We are not idealists: A qualitative case study on the role of residents’ climate change concerns in rural mobility practices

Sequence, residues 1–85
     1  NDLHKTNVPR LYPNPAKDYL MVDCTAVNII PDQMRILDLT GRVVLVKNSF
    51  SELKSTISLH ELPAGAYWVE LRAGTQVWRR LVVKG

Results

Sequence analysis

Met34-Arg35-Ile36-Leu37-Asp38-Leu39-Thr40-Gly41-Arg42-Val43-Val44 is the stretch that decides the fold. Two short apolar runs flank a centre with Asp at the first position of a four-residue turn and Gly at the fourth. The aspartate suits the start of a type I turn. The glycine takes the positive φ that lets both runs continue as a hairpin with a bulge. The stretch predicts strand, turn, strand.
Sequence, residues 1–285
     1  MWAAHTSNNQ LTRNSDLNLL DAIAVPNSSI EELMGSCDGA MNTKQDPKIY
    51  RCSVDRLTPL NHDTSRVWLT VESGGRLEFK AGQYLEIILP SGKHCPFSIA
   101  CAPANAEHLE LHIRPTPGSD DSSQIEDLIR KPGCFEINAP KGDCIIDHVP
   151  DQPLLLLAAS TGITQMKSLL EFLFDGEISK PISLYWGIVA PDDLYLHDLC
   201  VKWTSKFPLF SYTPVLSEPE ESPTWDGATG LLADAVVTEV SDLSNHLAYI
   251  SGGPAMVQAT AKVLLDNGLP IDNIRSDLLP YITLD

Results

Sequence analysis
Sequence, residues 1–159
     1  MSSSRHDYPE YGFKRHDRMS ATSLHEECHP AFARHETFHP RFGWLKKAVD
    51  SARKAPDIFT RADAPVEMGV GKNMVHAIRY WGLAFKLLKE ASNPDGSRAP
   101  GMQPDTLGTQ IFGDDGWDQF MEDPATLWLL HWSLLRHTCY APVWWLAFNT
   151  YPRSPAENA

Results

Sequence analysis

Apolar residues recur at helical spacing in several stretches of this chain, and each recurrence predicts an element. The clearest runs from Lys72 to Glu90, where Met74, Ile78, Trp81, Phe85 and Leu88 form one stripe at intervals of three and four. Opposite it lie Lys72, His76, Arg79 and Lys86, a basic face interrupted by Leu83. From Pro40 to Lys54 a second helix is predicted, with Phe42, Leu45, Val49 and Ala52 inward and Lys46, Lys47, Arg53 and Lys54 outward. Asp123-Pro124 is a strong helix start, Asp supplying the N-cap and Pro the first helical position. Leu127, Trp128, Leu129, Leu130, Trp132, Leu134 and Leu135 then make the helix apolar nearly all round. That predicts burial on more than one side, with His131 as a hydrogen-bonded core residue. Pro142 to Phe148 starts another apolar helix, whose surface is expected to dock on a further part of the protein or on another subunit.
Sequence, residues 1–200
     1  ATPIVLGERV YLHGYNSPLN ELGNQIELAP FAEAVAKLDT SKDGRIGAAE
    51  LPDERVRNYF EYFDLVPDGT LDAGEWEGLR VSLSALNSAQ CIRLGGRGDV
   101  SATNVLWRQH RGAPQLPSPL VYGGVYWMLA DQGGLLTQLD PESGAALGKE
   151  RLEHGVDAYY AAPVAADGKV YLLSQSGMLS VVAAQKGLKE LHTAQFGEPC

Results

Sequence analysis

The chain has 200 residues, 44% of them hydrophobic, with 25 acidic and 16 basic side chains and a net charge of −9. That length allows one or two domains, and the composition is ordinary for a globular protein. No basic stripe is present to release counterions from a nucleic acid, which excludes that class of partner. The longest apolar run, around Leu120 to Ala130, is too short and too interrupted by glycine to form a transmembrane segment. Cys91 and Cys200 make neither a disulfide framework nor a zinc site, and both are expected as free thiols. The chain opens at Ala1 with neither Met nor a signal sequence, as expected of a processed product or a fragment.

Abstract: Citizens concerned about climate change could represent a potential for changes in everyday travel behaviour in a less carbon intensive way, or even put public pressure on governmental decisions to mitigate climate change emissions from the transport sector. Situated in the context of rural residents’ everyday life in Denmark, this study explores how the role of climate change concerns within residents’ everyday travel practices might be understood. The study draws upon 6 in-depth interviews with residents living in two rural villages in Northern Denmark. The findings highlight a concern among the residents that does not translate significantly into changed travel behaviour. I draw on the work of Kari Marie Norgaard to explain how the residents’ arguments for this represent cultural tools available to them and provide legitimising strategies for their behaviour. Combined with a social practice analysis of the residents’ prevalent mobility practices (car driving, public transport and cycling), the study concludes that the role of climate change concerns in the everyday mobility practices has several aspects. These can have negative, positive or neutral impacts on the actual mobility practices, such as a strengthened identity marker on utility cycling that framed the practice as unattainable, or a positively reinforcing role in sustaining low carbon practices. The study also proposes potentially positive roles for concerns, and subsequently points to the need for more knowledge on preconditions to low carbon mobility practices in rural areas, and social scientific understanding of the tensions between travel behaviour as either a private or political issue.
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